By Richard von Busack
Isabelle Huppert’s acute portrait of a woman of a certain age in Things To Come towers over her much-vaunted performance in Elle. Huppert plays Nathalie, an aging philosophy teacher who needs all the consolation her discipline can provide.
Her neurotic mother (Edith Scob, of the horror classic Les Yeux Sans Visage) is prone to suicide threats and anxiety attacks. Nathalie’s husband Heinz (André Marcon) is a stout and humorless old pedant, who is secretly seeing someone on the side. And Nathalie’s reputation as a scholar isn’t enough to save her from the bottom-line obsessed executives at her publishing house.
Though she’s renowned in her field, her textbooks aren’t selling. Fellow snobs, who love the blank white covers of French paperbacks with the stark titles on them, will cringe along with Nathalie at the redesign of her books—the money-men at the publishing house want eye-catching abstract colorful patterns, as if a quart of rainbow sherbet melted all over them.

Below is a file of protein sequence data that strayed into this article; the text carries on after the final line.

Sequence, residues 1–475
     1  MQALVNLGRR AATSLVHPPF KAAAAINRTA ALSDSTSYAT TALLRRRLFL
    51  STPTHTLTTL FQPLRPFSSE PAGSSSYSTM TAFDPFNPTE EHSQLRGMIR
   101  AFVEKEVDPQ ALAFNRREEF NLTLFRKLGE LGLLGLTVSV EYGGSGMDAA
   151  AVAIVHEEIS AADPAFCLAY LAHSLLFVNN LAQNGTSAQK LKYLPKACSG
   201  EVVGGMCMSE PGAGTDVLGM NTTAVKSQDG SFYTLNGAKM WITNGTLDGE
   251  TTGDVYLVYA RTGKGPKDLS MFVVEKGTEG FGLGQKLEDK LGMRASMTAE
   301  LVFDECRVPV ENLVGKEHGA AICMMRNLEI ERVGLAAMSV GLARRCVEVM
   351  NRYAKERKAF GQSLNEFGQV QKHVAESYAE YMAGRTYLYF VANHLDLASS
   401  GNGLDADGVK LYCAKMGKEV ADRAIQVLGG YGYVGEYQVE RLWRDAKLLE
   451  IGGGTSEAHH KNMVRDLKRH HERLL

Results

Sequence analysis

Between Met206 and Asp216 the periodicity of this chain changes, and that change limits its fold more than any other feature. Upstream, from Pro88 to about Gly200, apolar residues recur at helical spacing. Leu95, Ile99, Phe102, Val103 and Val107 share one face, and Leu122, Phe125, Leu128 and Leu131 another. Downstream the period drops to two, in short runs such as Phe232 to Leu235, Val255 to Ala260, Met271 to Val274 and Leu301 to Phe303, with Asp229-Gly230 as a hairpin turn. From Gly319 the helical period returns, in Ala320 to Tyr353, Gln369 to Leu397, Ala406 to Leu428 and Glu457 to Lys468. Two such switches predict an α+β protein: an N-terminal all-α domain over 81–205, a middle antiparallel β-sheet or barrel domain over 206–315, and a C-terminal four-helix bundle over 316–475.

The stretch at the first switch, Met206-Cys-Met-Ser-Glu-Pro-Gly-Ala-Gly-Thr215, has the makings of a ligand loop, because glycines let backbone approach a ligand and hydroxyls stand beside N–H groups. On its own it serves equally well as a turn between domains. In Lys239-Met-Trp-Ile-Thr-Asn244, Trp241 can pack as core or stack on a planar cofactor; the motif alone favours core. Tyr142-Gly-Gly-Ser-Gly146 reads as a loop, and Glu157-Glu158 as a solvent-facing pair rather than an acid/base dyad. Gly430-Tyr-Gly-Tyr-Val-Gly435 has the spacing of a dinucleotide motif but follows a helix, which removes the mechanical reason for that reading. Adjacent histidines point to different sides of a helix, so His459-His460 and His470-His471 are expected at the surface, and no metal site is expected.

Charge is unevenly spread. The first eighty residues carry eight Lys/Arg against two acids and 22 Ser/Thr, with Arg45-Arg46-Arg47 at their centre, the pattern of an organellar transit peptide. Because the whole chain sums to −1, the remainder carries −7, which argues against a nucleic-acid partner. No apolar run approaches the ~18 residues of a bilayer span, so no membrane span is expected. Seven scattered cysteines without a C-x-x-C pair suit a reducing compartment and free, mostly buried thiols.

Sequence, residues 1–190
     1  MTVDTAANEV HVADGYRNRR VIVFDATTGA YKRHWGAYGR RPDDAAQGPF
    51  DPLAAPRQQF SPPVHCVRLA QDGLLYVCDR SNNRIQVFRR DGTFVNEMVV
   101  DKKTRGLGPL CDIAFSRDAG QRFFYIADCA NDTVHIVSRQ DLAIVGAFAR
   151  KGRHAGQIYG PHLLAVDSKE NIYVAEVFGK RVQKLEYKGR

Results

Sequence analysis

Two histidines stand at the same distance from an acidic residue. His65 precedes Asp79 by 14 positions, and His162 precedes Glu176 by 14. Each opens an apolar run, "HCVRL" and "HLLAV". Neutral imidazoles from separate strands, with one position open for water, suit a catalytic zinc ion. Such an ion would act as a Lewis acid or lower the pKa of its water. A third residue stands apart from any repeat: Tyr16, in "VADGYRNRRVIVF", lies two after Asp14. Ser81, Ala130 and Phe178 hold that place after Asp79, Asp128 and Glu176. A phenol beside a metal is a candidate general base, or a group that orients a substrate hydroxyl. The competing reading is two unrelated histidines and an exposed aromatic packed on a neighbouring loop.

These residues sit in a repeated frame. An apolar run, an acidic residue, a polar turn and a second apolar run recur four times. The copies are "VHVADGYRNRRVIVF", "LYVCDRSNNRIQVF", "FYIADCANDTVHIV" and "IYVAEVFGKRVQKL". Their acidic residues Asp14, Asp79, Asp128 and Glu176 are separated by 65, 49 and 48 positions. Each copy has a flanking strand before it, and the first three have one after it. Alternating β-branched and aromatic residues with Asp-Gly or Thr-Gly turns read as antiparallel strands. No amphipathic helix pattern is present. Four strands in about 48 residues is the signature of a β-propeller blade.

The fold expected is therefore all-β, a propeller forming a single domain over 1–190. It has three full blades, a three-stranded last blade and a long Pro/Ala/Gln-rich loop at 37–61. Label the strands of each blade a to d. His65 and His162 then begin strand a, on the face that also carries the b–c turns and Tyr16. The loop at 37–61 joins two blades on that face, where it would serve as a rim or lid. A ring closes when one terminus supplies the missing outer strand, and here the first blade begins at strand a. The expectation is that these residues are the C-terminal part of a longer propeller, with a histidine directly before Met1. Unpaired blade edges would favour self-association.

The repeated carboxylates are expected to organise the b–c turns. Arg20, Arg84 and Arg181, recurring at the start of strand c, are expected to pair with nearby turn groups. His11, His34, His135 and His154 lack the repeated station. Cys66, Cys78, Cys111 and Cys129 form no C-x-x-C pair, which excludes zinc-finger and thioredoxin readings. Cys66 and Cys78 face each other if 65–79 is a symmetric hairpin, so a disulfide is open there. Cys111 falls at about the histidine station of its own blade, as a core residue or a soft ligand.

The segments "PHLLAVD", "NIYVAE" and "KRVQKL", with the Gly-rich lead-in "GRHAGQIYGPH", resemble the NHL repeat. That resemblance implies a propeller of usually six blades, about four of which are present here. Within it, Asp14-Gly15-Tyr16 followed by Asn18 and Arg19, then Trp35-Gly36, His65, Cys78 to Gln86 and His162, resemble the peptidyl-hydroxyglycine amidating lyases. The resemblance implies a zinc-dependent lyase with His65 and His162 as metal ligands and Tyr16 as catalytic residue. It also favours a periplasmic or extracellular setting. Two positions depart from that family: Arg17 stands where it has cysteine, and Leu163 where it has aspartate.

There are small consolations in the older woman’s plight: She learns fondness for the overfed cat her mother left her to care for. It’s a warmer, cattier cat than the highly symbolic feline in Elle, the one who gave the cold eye-of-god look as her owner was raped.
A particularly handsome and talented former student, Fabien (Roman Kolinka) helps get Nathalie out of her shell. He’s involved in the political fight against the French government’s cutting of benefits. Fabien has joined a commune of international students at an Alpine farmhouse, where he proposes to edit a revolutionary journal.
Huppert’s flexibility is a marvel. She sets the pace of this movie as few actresses could. Director Mia Hansen-Love’s study is the opposite of a woman-getting-her-groove-back drama. And there’s an air of nostalgia in the soft Kodachromish colors Denis Lenoir (Still Alice) brings to bear.
Early on in the film, Nathalie and her family take a trip to a summer house in Brittany, not far from the seaside monument where the writer and adventurer Chateaubriand is buried. Near that grave is a plaque telling the visitor to be silent and listen to the sounds of the wind and the waves; Things to Come is similarly quiet, with little music: Some Schubert, some Woody Guthrie, and that lullaby that provided another first-rate French film with its title, “I’ve Loved You So Long.” The movie cherishes the importance of the thinkers who puzzled out the rights of all humans to freedom and dignity. Things to Come has a philosopher’s precision and a poet’s sensitivity.